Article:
• - Manage Student Use -- You can use the view feature to see if students are on task and using their device appropriately. There have been 2 times in the years where we've been 1 to 1 where I've had a student doing Google image searches that were off task. I was able to click on their screen view, screenshot, and lock them out of iPad use. Then I was able to revisit Digital Citizenship and the use of these tools with that specific student without their peers noticing.
  • - Gather Students' Full Attention -- The most powerful, silent attention-getter is locking everyone's screen at once! 🙌 I've taught students that if their screen is ever locked their job is to find me right away. When they notice everyone has been locked at once their heads whip up, the room gets silent, and nobody can do anything but give me their undivided attention! 
3. Socrative
Available for: iOS app and any web browser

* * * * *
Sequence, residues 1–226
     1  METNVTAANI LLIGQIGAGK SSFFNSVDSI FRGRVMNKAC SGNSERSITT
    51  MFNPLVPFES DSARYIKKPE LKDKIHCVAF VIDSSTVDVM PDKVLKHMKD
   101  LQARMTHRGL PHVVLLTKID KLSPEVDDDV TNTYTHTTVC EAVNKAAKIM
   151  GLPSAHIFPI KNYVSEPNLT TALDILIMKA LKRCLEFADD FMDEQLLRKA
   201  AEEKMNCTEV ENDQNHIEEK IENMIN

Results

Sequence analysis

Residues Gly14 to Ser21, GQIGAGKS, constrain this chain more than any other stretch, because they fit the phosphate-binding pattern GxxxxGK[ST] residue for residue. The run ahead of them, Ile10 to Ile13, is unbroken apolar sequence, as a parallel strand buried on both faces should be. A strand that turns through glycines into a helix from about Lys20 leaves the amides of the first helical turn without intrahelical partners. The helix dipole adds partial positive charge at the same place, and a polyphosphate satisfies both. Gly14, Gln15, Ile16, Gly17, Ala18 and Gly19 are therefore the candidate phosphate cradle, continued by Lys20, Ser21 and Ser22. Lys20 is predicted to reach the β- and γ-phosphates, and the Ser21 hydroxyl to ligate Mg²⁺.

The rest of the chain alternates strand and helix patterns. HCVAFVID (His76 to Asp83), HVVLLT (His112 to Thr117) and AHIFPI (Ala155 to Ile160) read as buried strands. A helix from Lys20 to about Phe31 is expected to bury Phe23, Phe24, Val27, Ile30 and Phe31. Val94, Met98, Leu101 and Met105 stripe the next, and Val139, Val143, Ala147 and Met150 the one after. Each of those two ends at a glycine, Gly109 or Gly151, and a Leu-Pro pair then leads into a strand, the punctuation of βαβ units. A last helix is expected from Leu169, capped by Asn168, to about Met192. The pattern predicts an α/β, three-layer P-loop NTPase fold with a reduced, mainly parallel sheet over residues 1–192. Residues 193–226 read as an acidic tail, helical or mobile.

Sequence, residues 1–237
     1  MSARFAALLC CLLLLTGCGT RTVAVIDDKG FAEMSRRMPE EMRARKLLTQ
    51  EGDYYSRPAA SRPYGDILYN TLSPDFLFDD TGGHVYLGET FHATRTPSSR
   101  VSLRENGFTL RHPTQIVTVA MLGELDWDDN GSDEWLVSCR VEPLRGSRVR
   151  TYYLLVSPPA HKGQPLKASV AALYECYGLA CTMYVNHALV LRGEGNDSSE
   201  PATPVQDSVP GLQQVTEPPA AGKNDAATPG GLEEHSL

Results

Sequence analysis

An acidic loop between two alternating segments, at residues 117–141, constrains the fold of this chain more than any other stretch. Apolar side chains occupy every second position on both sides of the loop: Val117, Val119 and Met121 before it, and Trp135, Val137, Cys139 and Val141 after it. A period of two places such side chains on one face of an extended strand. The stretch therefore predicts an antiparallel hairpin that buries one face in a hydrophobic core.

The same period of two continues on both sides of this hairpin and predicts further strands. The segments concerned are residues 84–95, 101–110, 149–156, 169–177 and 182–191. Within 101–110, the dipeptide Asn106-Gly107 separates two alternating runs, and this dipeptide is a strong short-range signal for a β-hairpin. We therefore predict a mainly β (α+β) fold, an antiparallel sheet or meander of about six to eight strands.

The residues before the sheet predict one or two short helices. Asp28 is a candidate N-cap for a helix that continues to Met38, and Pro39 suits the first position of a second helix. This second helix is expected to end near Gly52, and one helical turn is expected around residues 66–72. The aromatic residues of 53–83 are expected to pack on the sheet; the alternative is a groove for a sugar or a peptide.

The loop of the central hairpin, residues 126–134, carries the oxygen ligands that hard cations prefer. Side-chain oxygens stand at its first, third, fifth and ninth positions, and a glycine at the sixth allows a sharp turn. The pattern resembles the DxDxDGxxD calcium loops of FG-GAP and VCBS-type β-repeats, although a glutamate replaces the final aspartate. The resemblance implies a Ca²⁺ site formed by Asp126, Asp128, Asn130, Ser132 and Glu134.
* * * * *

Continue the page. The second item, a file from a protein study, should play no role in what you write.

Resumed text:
Why I love it: This platform is a quick (and easy) way to receive student responses. Student's don't see each others responses unless you choose to project in front of the whole class. You can choose if responses are anonymous or if they require a name. Results can be e-mailed or turned into a spreadsheet, which makes for a great formative assessment tool.
Usage Ideas:
  • - Exit Ticket -- Pose a short answer question and give students time to respond. Project and debrief responses for the class to see if you'd like or keep the results for yourself. 
  • - Poll the Class -- After students submit their responses you can give them the opportunity to vote on the responses that they most agree with. I've also used this when preparing for Socratic Seminars. Students write their most burning questions and then vote on which ones they'd like to discuss.

4. Padlet
Available for: iOS app and any web browser
Why I love it: This platform showcases student responses all at once in live time in a beautiful and clean feed-like wall. There are many options for setting up the design and endless opportunities for how to use it!